PROTA, Introduction to Vegetables

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PROTA 2, 2004. Plant Resources of Tropical Africa. vol. 2. Vegetables. ed. by G.J.H. Grubben & O.A. Denton. Wageningen, PROTA Foundation - Backhuys - CTA. 668 p.

Choice of species

This PROTA 2: Vegetables book describes the cultivated and wild vegetable species of tropical Africa. Some of these are only used as a vegetable, but others have two or more uses. PROTA assigns one primary use and if relevant, one or more secondary uses to all plant species used in Africa. PROTA 2: Vegetables comprises only accounts of species whose primary use is as a vegetable. The primary use of baobab (Adansonia digitata L.) is as a leafy vegetable, and thus it is treated in PROTA 2, but it has several secondary uses, e.g. the fruit is eaten, oil is extracted from the seed, the wood is used for timber and fuel, the bark for fibre, and the bark and fruit for the preparation of medicines. Also cassava (Manihot esculenta Crantz) is quite important as a leafy vegetable, but its primary use is undoubtedly its edible starchy root, and consequently cassava is described in PROTA 8: Carbohydrates.

Species that are used as a vegetable but also have another primary use are listed after the primary use vegetables, and are fully described in other commodity groups. Some important species included in this list are: Ipomoea batatas (L.) Lam., Manihot esculenta Crantz, Parkia biglobosa (Jacq.) R.Br. ex G.Don, Solanum tuberosum L. and Xanthosoma sagittifolium (L.) Schott.

The definition of a vegetable as ‘succulent plant parts consumed as side dish with a starchy staple food’ is simple and clear at first sight. However, it is difficult to unambiguously delineate the commodity group vegetables, and the boundary with other commodity groups is sometimes arbitrary, e.g. that with commodity group spices and condiments. Capsicum pepper (Capsicum annuum L.) is used in fairly large quantities as a vegetable or in small quantities as a spice, depending on the capsaicin content of the fruits. Garlic is another example of a multipurpose plant, sometimes considered primarily a spice or medicinal plant, but treated in the commodity group vegetables.

A few leguminous species grown for their dry seeds can be important vegetables as well, i.e. for the consumption of immature seeds, green pods and/or leaves. Pea (Pisum sativum L.) and cowpea (Vigna unguiculata (L.) Walp.) are included in PROTA 2: Vegetables, but also in PROTA 1: Cereals and pulses. A special group are some Cucurbitaceae, e.g. melon and watermelon, the fruits of which are eaten raw. Because of their annual growth habit and cultivation as field crops these are conventionally included in PROTA 2: Vegetables and not in PROTA 6: Fruits. In addition, several Cucurbitaceae species grown for their dry seed, eaten as side dish or snack are treated as vegetables.

In PROTA 2: Vegetables comprehensive descriptions are given of about 110 important vegetable species. These major vegetables comprise most cultivated species, but also several wild or partly domesticated species. The accounts are presented in a detailed format and illustrated with a line drawing and a distribution map. In addition, accounts of some 170 vegetables of minor importance are given. Because information on these species is often scanty, these accounts are in a simplified format and do not include a drawing or map.

Plant names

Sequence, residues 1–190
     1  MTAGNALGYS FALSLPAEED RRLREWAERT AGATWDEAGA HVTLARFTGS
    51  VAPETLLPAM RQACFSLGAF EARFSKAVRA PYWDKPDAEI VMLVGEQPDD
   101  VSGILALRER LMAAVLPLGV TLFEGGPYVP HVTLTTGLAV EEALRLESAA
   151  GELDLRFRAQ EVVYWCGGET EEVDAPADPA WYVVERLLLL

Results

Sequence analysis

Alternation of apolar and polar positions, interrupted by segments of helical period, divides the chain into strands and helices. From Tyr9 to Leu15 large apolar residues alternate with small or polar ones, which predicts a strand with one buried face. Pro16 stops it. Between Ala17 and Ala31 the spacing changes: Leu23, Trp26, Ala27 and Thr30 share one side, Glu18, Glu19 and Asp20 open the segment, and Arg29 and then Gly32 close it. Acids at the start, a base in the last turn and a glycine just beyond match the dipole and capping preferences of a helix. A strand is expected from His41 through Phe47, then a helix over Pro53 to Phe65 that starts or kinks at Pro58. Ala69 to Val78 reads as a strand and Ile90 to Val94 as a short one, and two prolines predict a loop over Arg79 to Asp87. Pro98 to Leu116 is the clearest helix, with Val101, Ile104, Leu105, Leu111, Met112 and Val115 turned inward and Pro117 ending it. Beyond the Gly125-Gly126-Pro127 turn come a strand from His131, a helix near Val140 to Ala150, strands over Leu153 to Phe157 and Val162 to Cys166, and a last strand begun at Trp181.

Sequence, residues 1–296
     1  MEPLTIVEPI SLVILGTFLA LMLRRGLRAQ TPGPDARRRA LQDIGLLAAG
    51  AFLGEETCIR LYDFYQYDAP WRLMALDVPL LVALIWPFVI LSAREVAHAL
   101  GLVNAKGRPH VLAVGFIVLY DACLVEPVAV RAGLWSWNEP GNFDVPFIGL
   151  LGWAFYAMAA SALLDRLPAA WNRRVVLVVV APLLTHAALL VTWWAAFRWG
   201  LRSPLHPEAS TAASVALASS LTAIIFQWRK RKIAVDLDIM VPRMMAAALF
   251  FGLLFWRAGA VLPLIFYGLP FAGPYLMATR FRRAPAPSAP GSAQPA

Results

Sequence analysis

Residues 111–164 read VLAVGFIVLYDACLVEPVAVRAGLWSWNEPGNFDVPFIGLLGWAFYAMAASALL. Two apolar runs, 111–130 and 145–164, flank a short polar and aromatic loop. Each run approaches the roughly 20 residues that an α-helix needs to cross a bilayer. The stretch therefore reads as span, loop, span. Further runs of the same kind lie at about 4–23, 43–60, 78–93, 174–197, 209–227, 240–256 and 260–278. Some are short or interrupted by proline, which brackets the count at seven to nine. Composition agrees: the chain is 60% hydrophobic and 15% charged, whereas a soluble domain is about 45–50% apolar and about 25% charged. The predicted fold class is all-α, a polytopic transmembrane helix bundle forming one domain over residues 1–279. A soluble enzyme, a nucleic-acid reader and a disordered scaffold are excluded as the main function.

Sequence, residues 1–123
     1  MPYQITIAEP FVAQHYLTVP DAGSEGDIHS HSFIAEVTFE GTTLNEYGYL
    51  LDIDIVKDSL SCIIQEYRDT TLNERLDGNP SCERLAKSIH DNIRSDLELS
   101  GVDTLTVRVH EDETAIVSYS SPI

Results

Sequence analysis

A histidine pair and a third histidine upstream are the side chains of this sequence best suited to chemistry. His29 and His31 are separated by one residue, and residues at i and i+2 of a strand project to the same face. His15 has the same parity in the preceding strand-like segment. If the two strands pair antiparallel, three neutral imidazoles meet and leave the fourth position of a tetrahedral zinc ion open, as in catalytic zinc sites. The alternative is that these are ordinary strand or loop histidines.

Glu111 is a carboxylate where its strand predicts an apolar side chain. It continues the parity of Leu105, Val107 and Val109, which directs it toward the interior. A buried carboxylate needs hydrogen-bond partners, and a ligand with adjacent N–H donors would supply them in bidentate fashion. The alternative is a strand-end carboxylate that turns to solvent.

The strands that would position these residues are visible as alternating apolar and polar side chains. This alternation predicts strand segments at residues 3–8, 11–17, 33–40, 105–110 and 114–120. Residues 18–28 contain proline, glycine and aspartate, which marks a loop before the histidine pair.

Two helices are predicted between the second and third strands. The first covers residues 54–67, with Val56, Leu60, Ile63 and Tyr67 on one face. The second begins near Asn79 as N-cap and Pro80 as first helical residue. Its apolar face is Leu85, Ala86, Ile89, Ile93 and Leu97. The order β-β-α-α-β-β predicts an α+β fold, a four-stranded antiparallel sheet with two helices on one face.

Family: Apart from the classic family name, the family name in accordance with the Angiosperm Phylogeny Group (APG) classification is also given where it differs from the classic name.

Synonyms: Only the most commonly used synonyms and those that may cause confusion are mentioned.

Vernacular names: Only names in official languages of regional importance in Africa are included, English, French, Portuguese and Swahili. It is beyond the scope of PROTA to give an extensive account of the names of a species in all languages spoken in its area of distribution. Checking names would require extensive fieldwork by specialists. Although regional forms of Arabic are spoken in several countries in Africa, the number of African plant species that have a name in written, classical Arabic is limited. Arabic names are therefore omitted. Names of plant products are mentioned under the heading ‘Uses’.

Origin and geographic distribution

To avoid long lists of countries in the text, a distribution map is added for major species. The map indicates in which countries a species has been recorded, either wild or planted. It should be realized that for many species these maps are incomplete because they are prepared on the basis of published information, the quantity and quality of which varies greatly from species to species. This is especially the case for wild species which are not or incompletely covered by the regional African floras, and for cultivated species which are only planted on a small scale (e.g. in home gardens). For some countries (e.g. Central African Republic, Chad, Sudan, Angola) there is comparatively little information in the literature. Sometimes they are not covered by recent regional or national floras and although species may be present there, this cannot be demonstrated or confirmed. For some major species, a distribution map has been omitted because there is too little information on distribution.

The assortment of market vegetables in African countries varies largely. In urban areas the 25 most important cultivated vegetables account for up to 90% of the total consumption of 100–150 g/person, whereas vegetables collected from the wild account for less than 5%. In rural areas the variation is greater and more wild vegetables are consumed. Large differences exist not only between urban and rural areas, but also between forest and savanna zones, lowland and highland regions, countries and tribes, and more generally between West, Central, East and Southern Africa and between Anglophone, Francophone and Portuguese-speaking countries. As an illustration of this location-dependent variation a list of the most important market vegetables is presented in Table 1. It shows differences between the West African forest zone (Lagos) and the savanna or Sahel area (Kano), between West Africa (Nigeria) and East Africa (Kenya) and between lowland (Mombasa) and highland (Nairobi). Many temperate-type vegetables are traded in West Africa from the savanna zone to the forest zone, and in East Africa from highland to lowland regions.

Table 1. Availability and relative importance of vegetables in urban markets in Nigeria (West Africa) and Kenya (East Africa)

Scientific name common name Nigeria Kenya
Lagos Kano Nairobi Mombasa
Abelmoschus caillei West African okra +++++ ++++ 0 0
Abelmoschus esculentus okra +++++ +++++ +++ +++++